Internet communication tends to complement real-world interaction; it does not destroy (public good) social capital. The Internet can support and enhance communities that to some extent depend on faceto-face interaction. Taking the online communication of computer professionals as a model, this article seeks to demonstrate the power of virtual communities. Examples are the development of Linux and users’ reactions to a bug in the Pentium processor. Online communication, facilitated by personal home pages and search engines, offers isolated workers opportunities for increasing their private good social capital as well. On the level of infrastructure, key characteristics of the Internet match those of social capital: the network aspect itself, cooperation, voluntary work, giving, standards of social behavior, and the fact that it is not designed. Downsides of the Internet also correspond to downsides of social capital. Realizing the equalizing potential of the Internet in terms of social capital requires action.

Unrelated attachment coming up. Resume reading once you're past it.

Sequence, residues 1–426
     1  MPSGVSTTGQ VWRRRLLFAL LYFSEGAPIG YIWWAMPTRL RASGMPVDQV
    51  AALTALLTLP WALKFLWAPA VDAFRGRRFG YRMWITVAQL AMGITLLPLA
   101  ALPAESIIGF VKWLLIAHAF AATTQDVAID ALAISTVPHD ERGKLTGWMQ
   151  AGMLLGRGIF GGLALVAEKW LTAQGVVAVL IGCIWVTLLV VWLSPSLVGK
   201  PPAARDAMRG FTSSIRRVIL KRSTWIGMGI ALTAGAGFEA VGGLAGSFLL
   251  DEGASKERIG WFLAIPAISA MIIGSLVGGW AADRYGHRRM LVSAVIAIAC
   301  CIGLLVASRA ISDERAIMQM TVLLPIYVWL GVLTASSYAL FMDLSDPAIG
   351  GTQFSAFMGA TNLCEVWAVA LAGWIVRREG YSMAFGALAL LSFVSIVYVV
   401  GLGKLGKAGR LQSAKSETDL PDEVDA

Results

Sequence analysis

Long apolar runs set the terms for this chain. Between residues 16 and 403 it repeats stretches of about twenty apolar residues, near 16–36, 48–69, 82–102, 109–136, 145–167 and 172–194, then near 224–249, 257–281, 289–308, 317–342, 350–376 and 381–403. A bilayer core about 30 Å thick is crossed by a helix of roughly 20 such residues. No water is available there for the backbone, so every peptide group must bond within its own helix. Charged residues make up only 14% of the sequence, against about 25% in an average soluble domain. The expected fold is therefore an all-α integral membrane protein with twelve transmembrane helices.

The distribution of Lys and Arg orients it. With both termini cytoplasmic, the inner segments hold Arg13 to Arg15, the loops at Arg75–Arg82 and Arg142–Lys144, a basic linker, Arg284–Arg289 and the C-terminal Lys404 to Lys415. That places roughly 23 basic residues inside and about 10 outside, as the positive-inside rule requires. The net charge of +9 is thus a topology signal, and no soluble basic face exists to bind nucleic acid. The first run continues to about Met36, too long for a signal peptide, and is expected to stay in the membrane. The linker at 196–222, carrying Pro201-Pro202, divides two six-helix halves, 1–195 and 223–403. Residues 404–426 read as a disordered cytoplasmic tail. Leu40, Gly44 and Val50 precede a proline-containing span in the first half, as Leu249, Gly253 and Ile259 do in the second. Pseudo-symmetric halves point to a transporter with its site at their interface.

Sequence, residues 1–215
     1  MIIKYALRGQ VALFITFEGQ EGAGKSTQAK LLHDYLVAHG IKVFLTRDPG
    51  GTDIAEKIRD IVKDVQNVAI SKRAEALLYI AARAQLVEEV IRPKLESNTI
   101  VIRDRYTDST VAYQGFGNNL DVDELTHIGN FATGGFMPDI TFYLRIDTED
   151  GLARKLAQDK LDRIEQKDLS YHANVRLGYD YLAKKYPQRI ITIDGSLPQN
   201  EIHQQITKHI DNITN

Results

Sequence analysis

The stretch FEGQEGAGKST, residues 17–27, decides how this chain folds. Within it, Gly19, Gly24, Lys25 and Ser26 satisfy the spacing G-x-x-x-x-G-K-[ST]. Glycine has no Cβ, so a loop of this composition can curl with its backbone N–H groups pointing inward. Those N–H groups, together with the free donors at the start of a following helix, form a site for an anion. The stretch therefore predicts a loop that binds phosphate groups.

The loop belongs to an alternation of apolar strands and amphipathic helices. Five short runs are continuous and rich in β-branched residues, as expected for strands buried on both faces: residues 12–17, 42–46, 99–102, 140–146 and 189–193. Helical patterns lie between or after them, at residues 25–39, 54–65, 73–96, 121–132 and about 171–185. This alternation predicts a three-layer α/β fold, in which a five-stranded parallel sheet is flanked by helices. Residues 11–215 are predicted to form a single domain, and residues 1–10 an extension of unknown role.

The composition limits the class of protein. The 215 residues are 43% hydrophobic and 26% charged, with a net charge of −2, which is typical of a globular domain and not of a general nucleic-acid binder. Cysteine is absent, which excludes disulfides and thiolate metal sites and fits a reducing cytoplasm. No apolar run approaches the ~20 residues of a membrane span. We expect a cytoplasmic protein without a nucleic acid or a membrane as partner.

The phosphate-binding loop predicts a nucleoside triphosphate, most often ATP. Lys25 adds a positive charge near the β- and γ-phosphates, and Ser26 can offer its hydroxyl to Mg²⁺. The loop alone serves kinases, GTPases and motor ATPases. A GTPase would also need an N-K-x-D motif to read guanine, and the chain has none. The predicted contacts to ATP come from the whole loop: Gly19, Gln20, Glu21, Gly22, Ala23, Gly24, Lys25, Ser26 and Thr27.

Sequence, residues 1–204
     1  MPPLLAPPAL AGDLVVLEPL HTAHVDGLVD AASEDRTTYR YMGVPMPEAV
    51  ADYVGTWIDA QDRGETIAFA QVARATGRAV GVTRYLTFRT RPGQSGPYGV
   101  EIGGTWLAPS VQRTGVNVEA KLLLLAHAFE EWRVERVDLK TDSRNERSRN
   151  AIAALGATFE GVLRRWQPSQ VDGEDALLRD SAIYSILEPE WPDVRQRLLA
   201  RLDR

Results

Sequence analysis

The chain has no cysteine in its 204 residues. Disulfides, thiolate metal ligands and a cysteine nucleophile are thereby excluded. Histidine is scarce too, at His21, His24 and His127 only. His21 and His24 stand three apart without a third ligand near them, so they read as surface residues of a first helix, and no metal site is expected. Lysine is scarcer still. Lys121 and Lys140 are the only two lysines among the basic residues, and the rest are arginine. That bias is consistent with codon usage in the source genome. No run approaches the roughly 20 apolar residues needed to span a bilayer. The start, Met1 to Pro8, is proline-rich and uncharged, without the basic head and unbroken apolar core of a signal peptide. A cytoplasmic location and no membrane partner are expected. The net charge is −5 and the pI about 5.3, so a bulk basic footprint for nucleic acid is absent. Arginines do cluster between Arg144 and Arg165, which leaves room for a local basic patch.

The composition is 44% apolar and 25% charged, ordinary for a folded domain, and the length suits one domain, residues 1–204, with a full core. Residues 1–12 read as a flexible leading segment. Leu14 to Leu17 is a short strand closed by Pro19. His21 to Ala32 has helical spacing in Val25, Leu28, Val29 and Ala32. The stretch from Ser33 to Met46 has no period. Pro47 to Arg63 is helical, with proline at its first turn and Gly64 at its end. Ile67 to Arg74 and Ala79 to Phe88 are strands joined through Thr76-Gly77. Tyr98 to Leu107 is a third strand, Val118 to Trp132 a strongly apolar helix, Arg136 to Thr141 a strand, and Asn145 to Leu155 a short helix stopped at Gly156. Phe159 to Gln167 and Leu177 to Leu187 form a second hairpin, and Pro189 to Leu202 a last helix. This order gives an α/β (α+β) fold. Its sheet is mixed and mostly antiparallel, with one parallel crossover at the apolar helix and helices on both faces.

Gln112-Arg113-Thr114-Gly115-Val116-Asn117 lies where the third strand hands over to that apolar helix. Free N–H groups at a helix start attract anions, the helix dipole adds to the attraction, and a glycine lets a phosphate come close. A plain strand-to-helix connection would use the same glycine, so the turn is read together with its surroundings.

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Social Science Computer Review
Department of Sociology

Pruijt, H. (2002). Social Capital and the Equalizing Potential of the Internet. Social Science Computer Review, 20(2), 109–115. doi:10.1177/089443930202000201